Imagine if Nas tried to make one “great” video per week that was longer, had better cinematography, and had much more detail than his daily videos?
Well, they’d be higher quality for sure, but…
But it would’ve taken him over 60 weeks (400 days) to discover his nifty “trap” headline instead of just 8 and 1/2 weeks (60 days).
One thing that’s become a trademark of Nas Daily so much to the point that countless other Facebook vloggers have copied him is his love of getting groups of people to say his lines for him.
Sometimes he’ll get a group of hundreds to all shout one particular line in his video at the same time. It definitely adds some shock value to his videos. And I get it, any time human beings see a group of even 20 people crowding around something, our first reaction is to go see what it is.
When we see hundreds of people in a video, it gives us a lot of curiosity to keep watching.
People like people. When you tell a story about a particular place using other human beings, it makes sense that that would be more engaging than just doing a voice-over overtop b-roll footage.
He didn’t discover this until way later in his vlogging career.
These are all things that Nas Daily figured out over time as he made video after video after video.
Which Brings Me Back To The Original Question
I love Nas Daily’s story because his story mirrors my own. When I got started as a blogger 3 years ago, I wrote every single day. My first few blog posts really sucked, but after writing about 50–100 of them, I realized that certain headline formulas worked better than others.
I realized certain topics did better than others. I found my writing voice, so I became more engaging.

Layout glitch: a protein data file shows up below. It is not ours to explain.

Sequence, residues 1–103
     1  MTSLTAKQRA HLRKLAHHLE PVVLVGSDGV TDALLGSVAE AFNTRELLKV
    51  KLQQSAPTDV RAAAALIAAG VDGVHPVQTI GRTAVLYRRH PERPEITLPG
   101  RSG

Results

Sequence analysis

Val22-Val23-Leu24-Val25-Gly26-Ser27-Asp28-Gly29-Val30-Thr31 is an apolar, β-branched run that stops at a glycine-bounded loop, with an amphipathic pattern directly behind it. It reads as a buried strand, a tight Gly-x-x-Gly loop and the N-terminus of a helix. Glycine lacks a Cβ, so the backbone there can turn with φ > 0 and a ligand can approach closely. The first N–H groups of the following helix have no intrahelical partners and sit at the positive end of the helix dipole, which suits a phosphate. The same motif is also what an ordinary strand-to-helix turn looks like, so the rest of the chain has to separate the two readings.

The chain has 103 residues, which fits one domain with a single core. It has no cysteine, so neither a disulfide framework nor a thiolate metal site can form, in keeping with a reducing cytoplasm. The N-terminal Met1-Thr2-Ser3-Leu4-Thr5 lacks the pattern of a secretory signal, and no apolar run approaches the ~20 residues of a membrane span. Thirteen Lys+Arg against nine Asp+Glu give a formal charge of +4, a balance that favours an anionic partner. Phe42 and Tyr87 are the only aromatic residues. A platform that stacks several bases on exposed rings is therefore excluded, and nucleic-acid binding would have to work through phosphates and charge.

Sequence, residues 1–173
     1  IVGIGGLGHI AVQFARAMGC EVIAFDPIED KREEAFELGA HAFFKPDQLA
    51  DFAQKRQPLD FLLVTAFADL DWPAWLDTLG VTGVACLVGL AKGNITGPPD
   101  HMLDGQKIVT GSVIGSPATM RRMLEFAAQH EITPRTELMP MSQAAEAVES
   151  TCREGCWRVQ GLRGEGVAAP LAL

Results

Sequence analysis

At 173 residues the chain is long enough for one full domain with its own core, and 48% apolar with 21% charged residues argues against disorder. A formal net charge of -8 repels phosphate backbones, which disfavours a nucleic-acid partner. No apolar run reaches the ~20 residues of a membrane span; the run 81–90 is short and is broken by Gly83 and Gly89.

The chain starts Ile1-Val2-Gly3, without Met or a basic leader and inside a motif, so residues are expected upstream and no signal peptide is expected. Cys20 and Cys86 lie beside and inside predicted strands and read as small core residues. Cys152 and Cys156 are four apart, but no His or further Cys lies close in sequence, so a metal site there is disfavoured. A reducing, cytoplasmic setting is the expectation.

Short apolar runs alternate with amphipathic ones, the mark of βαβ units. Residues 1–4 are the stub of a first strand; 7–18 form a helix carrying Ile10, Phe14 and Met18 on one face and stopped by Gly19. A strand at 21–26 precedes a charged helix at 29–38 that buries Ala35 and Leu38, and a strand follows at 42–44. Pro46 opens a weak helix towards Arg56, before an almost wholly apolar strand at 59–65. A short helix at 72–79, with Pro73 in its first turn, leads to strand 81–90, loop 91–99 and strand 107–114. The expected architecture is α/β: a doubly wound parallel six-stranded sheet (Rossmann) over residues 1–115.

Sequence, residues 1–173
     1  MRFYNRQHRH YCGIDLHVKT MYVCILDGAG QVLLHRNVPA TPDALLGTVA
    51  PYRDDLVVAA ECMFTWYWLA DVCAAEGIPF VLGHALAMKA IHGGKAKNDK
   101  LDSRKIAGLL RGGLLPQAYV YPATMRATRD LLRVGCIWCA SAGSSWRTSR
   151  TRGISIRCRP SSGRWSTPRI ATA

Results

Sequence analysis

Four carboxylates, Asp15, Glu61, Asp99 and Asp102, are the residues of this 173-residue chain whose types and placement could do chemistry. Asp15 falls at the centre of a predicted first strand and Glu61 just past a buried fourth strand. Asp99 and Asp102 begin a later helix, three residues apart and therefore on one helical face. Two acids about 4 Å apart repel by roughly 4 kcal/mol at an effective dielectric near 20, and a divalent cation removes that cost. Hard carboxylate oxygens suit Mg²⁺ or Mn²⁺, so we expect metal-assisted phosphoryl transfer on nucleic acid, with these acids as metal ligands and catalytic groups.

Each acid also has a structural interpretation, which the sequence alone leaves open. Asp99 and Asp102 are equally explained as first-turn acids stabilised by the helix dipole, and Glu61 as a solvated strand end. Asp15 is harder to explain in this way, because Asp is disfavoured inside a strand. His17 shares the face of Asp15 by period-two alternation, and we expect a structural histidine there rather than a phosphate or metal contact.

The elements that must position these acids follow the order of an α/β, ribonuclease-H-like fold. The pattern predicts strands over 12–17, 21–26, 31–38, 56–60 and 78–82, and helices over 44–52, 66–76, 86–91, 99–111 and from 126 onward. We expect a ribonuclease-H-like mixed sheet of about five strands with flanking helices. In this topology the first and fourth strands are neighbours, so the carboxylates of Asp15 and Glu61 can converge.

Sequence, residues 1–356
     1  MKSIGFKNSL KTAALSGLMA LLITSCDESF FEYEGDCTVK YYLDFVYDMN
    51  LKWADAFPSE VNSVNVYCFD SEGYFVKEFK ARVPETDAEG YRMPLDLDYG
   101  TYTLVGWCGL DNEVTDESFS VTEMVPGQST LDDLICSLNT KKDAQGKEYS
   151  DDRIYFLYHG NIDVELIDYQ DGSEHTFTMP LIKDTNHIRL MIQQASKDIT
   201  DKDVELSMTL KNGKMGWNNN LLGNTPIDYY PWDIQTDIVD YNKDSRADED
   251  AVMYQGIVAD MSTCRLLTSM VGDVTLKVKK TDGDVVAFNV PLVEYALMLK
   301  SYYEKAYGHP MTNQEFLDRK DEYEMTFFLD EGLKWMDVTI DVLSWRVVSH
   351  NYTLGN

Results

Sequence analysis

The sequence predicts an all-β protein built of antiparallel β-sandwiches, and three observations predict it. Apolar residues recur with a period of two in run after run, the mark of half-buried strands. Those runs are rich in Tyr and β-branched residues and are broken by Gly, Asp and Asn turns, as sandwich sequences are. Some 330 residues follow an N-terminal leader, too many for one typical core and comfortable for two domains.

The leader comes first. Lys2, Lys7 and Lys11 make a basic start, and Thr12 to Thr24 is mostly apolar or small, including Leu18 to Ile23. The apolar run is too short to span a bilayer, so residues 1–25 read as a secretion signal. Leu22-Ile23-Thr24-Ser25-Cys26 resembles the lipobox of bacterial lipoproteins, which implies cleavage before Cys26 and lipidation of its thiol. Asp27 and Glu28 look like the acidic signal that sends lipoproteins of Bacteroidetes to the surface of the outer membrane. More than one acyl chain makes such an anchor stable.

During the creative process, we obliviously deviate many times from our own established formula. Oh yes, we have a formula, trust me on that. Even though you might not know it, you have a formula for writing a blog post, making a video, or posting content on LinkedIn.
These small deviations most of the time translate to zilch in terms of more views/higher engagement, but sometimes, every 20 or 30 blog posts, we strike gold. A post goes viral. It gets 30,000 views. You start getting search traffic from google. People seem to comment about the same exact thing over and over again.
And then you go back and analyze that post to try and see what it was that made it do so well. Maybe it was one thing. Maybe it was four or five things, but you know better than anyone what those things may be because nobody knows your content better than you.
That’s why these things are so hard to duplicate.
I’m absolutely sure Nas knows about 100 more little tricks and details to virality that I am completely oblivious to.
But you see, I’m oblivious to them because I’m not in Nas’ shoes working 6 hours per day writing his scripts, shooting his shots, editing his videos, or titling his videos.
He is. Basically Nas’ original idea was to make daily videos. I’m not sure what his reasoning for that was, but what ended up happening was he became a vlogging master through aggressive experimentation.
You see, your goal should be to find those 9 or 10 things that significantly boost your chances of going viral.
And the problem is, you’ll have a hard time finding out what these things are without publishing a LOT. Notice I said publishing — not writing.
The audience will tell you what works and what doesn’t work. It’s a test. Every piece of content is a test to see what they like and don’t like. Your job is to figure out how to play the game.
I think speed is the best way to find those 9 or 10 things. It comes down to that. More importantly, speed is what will help you test the things you THINK are working so you can confirm that your hunch was right.
To me, it’s really, really simple in the blogging game.
Test, test more, test even more, then test again.
You’ll be on your way soon enough, just like Nas Daily.